Monday, 21 March 2016

Zelda Week: Legend of Zelda: Wind Waker

And you thought Pokemon had too much water

In a convention called Space World in the year 2000, a few Gamecube tech demos were released. One of these showed Link and Ganondorf sword fighting. Fans speculated that this is a demo to a brand new Zelda title for the Gamecube. Not too long after, another tech demo was shown in Space World, 2001. It was shown with Link in a new cartoonish style. The fans were confused about the cute art style of Link in this tech demo, and not the darker tone of the Space World 2000 tech demo. Fans at the time were afraid that every proceeding Zelda title was going to be in this style.

Although some, as well as myself, don’t mind the different cell shaded cartoonish style. I find it rather refreshing. As with most new Gamecube titles, it showcases the power of the Gamecube, although does it pretty well. The water physics for the ocean move up and down simulating waves. The grass moves with the wind. Not to mention that the entire overworld map is just one expansive area with no walls. You can loop around the map as if it were on a globe.

The story of Wind Waker is you as Link setting off on a journey to save your sister Aryll from a demon bird. After you meet the pirate girl Tetra and her crew in a fateful encounter, you set off to save your sister as well as some other characters you meet along the way.

Wind Waker has you travelling on boat sailing from island to island, which is pretty cool. Although, I hear conflicting arguments saying whether or not the traveling in this game is tedious or not. I’d say it’s all depends on how you look at it, and how much patience you have. This game, as many Zelda games or even any RPG for that matter is about the journey. I feel like this game does a pretty good job on it’s theme of adventuring out. Even if it takes a while sailing to each individual island, and if you just don’t have the patience, the Wii U version has a faster sail to accommodate this. The real joy is finding little islands with treasure along the way of your quest. Even for the main story islands have really good atmospheres about them. Forsaken Fortress taking place at night. The lush green Forest Haven. My favorite is when you approach Greatfish Isle and the atmosphere becomes more gray and rainy as you approach it.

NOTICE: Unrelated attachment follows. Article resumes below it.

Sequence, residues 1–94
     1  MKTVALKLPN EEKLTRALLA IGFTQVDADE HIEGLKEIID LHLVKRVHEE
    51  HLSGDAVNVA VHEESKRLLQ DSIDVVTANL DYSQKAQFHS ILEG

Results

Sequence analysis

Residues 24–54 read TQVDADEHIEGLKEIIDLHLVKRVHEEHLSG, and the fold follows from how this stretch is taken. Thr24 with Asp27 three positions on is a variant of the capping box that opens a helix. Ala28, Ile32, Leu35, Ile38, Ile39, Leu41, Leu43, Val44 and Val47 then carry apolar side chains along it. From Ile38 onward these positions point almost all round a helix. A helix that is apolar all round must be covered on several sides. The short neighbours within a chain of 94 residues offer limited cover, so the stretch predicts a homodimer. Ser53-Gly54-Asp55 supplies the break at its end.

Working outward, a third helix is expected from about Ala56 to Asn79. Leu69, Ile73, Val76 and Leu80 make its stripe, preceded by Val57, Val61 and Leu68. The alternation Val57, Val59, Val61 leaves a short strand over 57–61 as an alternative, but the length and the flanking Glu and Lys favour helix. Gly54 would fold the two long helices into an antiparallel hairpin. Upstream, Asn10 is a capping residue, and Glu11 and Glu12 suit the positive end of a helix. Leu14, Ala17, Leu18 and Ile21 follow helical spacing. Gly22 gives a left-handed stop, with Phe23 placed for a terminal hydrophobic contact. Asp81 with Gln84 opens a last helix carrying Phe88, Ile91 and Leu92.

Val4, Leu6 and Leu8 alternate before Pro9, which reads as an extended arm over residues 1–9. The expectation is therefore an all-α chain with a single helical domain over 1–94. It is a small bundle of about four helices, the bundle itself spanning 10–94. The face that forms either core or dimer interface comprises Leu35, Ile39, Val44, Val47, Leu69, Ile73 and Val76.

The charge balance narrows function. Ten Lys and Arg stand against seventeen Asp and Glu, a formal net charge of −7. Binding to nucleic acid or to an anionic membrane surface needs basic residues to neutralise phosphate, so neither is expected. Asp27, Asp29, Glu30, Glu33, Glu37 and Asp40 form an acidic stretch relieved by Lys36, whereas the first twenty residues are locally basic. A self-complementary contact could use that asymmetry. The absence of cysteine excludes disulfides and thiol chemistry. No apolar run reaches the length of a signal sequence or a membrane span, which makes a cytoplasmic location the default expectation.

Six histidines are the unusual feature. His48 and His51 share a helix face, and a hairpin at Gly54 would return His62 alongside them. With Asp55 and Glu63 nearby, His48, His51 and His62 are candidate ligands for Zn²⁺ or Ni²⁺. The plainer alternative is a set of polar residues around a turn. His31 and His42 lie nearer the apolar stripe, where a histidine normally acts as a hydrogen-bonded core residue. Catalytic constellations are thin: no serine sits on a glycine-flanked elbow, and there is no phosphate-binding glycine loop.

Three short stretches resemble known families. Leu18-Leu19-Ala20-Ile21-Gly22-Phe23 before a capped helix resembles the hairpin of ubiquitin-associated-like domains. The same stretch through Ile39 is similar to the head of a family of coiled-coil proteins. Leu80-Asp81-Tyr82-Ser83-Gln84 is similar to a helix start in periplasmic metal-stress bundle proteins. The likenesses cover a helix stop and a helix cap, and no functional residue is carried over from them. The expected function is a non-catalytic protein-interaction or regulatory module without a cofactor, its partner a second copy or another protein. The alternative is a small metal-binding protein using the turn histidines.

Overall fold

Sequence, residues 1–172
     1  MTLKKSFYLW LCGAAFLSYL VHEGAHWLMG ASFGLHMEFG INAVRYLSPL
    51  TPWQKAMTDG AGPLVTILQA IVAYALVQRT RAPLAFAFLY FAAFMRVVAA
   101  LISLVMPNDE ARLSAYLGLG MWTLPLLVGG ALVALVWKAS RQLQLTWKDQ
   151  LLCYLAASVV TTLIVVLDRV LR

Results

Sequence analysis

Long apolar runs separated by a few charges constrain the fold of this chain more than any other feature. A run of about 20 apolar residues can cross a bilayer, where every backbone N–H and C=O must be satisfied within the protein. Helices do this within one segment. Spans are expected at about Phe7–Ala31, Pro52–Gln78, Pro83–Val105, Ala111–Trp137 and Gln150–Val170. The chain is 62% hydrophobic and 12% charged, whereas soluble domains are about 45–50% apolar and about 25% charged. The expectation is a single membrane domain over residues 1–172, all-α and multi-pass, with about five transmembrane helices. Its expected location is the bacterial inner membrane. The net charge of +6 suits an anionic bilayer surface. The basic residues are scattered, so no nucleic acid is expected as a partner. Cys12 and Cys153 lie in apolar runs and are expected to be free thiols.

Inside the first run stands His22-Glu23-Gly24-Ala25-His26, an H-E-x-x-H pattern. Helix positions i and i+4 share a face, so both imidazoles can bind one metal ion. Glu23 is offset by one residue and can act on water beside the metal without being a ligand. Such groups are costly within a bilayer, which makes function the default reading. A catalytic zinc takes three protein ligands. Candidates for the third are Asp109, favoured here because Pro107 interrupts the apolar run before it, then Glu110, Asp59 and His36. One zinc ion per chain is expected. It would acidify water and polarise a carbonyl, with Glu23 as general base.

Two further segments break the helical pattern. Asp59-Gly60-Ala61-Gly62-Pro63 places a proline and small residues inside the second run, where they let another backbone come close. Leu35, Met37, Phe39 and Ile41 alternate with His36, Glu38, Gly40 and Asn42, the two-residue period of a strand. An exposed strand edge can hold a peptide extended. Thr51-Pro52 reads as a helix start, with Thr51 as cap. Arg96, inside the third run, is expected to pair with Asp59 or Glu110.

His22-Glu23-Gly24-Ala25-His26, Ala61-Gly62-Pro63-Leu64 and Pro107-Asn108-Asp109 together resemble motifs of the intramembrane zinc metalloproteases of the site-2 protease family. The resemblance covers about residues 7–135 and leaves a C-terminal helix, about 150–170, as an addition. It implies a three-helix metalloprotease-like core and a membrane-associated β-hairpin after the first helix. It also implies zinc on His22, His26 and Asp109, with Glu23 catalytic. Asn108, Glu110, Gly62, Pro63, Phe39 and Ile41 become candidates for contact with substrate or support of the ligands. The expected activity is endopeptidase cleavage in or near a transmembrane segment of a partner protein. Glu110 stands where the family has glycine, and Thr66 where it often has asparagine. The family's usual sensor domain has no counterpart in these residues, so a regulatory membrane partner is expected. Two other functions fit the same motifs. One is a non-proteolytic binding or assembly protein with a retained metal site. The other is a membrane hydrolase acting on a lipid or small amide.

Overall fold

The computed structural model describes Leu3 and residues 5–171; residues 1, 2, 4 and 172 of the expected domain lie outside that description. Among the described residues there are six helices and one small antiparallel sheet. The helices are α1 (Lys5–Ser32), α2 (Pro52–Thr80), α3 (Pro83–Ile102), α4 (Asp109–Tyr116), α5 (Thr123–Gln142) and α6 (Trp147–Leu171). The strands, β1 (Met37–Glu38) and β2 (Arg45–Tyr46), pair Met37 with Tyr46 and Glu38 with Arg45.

This game’s main mechanic besides seafaring is the titular wind waker. The main draw of the wind waker is, big surprise, that it controls the direction of the wind. Though it’s pretty fun to play with combined with the deku leaf item that lets you sail with the wind to reach places you wouldn't otherwise. Another small mechanic is that you can use enemy weapons against them which is really fun. It makes the first staple stealth section of this game more bearable.

The typical theme of sidequests are apparent in this game as with every Zelda title. Of course almost every island has a little sidequest, as well on main islands. Although, the biggest sidequest is the Triforce pieces. There are 8 Triforce pieces as well as 8 Triforce charts (3 charts in Wii U). It costs roughly 400 rupees each to get each chart deciphered. This and the sailing is why some people call this game very tedious. Again, Wii U version accommodates this for the fewer charts. Also considering the fact that this sidequest is only for 100% you’re not missing much if you are casually playing the game for the story.

Before we finish I should mention Tingle. Yes, that weird fairy guy, although he gives you something useful if you have a Gameboy linked to the Gamecube. The Tingle Tuner is a Gamecube exclusive item. It almost acts as a Wii U pad. You can spend rupees for small power ups that help you throughout your adventure. You can write on your map, drop bombs, get potions, ect. It’s basically a mobile shop, which is pretty nifty. Although this is exclusive if you have a Gameboy link cable with a Gameboy Advance, so not a lot of people actually use it. If you can get it, good for you since it’s a really helpful item. This feature was replaced in the Wii U version in favor of the Tingle Bottle, which is just Miiverse compatibility. Tingle Bottles wash up on random islands depending on where you post it which display Miiverse posts. Fun, although clearly not as useful as the Tingle Tuner.

So at this point you’re probably wondering which version do you want to play? Well, I personally play Wind Waker on the Gamecube just because I have it. Of course the Wii U version has gamepad functionality so it’s easier to swap items. The Wii U version fixes a lot of complaints, thus making the game easier to pick up. A full list of changes from Gamecube to Wii U can be found [here] if you are interested. Overall, I’d say get the Wii U one if you want an easier time. Get the Gamecube one if you want authenticity, and have access to the Tingle Tuner.

Overall this game is pretty amazing. The expansive Great Sea makes this game feel huge. Exploration is a key part, and they do this fantastically well. The game looks beautiful on both versions for their respective hardware. Even if you’re not a huge fan of the Zelda series, this is a great game to start out with.

-Marissa (keybug55)

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